What are the two or three things you look for in doing your first review of a startup?

I’m still learning to be a “venture capitalist” as I’ve more often been the one asking for funding and putting it to work, or advising funds and investors on the placement of their investments. I’m also learning how Hatteras approaches company selection and diligence. They have a strong and talented group, and I look forward to that relationship growing more robust.

For me personally, I’ve been exposed to a great many technologies, products and businesses over my career, so I have a small set of areas where I start. One is the depth of development of the technology involved from the standpoint of how many iterations have been involved, and not just a single, successful experience. I also look for a sense that the development plan has been thoughtful, looking at the competition, contingencies and best use of resources. The two real areas to consider at this point from my perspective, are the potential to develop a commercially viable product and creating a company to develop that product and make it commercially viable. The first involves strong market research and knowledge of how customers operate in the targeted space; always good to have founders or team members who have “practiced” in the targeted market. The second involves an appreciation by the founders and initial team that they are building a company and not a technology. These tie to an understanding that CRV is an investor, not a grant-maker, so commercial success is a goal.

What stage of company does CRV typically invest in? How much is a typical first investment and how much capital does CRV usually invest per deal?

Mostly seed stage and early transition companies, though I’d like to see a mix with others that are ready to move to commercial activities and operating growth. To date, the range of investment has been $100-600,000 with healthy reserves for add-on investments in each. We don’t really have a target range at the moment.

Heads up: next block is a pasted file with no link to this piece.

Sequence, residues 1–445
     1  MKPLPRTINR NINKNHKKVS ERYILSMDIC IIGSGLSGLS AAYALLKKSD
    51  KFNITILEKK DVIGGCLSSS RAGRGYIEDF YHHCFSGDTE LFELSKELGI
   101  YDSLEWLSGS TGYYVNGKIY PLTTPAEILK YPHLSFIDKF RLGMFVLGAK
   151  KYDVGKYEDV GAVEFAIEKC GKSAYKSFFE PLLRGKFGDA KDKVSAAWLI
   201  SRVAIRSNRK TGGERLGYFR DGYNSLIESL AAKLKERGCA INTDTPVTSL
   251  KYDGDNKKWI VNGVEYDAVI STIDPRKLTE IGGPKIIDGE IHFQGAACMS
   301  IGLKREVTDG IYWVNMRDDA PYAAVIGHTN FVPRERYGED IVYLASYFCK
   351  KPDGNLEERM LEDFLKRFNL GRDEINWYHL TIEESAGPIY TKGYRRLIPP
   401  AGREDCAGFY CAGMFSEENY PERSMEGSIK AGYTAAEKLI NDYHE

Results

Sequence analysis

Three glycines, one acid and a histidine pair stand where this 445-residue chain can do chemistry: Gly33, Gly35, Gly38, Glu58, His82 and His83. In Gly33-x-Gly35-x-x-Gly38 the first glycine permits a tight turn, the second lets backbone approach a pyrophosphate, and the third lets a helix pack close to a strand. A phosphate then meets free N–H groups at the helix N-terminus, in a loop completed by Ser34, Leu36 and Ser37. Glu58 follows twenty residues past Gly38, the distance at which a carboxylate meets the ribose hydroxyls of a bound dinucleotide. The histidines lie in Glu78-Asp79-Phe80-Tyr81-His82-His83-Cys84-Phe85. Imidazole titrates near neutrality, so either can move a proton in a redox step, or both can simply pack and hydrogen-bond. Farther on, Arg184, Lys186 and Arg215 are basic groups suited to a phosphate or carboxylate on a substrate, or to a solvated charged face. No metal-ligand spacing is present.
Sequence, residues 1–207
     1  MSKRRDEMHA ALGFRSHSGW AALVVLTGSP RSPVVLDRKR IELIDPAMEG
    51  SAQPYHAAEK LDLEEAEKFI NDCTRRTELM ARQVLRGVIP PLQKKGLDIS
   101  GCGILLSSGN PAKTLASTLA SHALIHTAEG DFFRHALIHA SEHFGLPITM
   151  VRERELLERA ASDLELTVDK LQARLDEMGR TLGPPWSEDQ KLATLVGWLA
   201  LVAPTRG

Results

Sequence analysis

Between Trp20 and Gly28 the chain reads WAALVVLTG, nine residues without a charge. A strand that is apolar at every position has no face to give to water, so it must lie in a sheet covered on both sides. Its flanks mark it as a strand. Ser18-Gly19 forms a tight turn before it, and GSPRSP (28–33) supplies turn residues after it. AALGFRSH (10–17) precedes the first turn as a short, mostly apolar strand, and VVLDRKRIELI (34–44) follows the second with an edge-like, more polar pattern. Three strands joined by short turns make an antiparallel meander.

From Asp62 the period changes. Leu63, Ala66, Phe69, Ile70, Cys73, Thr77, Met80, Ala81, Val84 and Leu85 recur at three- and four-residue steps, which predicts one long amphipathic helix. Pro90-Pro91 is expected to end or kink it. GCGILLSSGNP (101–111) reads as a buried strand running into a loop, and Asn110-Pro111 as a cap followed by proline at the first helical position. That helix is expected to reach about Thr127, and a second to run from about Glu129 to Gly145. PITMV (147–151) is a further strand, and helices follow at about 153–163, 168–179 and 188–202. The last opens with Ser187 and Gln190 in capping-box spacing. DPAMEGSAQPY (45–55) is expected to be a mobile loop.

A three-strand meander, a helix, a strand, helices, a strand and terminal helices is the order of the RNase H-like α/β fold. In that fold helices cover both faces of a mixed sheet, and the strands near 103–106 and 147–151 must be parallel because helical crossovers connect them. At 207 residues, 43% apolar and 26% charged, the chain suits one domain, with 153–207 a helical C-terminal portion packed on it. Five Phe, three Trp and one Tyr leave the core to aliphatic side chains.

What is CRV’s “value-add” beyond capital?

CRV has an exceptional Board of Directors made up of University leaders, entrepreneurs and experienced investors. The combination of their skills, their networks, and their commitment to the University are a powerful tool I believe we will tap into more in the future. As I mentioned, the Hatteras team brings experience and resources, along with connections within the University, the local community and the investment world that benefit our portfolio companies. I can’t overstate the value that our Board chair, Sallie Shuping-Russell brings to all of this. She has unparalleled experience as a venture capitalist with an extensive network with energy and dedication that is equally strong. Different from many firms, I believe my experiences as an entrepreneur and connections across various sectors allows me to bring a different perspective and support to these firms. Finally, we’re planning other things to support our activities with the first being the formation of an advisory group made up of experienced investors and venture capitalists with connections to UNC located across the country.

What is your current involvement in the CRV portfolio companies?

None really. All but one have come through Hatteras, which has been their role. We do have a board presence with our one direct investment company and I know the CEO from past interactions. I foresee our having more involvement but again, we need to build more infrastructure to do that effectively.

Any final comments you would like to share about CRV?

I’m excited beyond even my own expectations. I see this as the culmination of the things I really enjoy: seeing new science, technologies and therapeutics, working with faculty and founders, and helping new teams and companies succeed.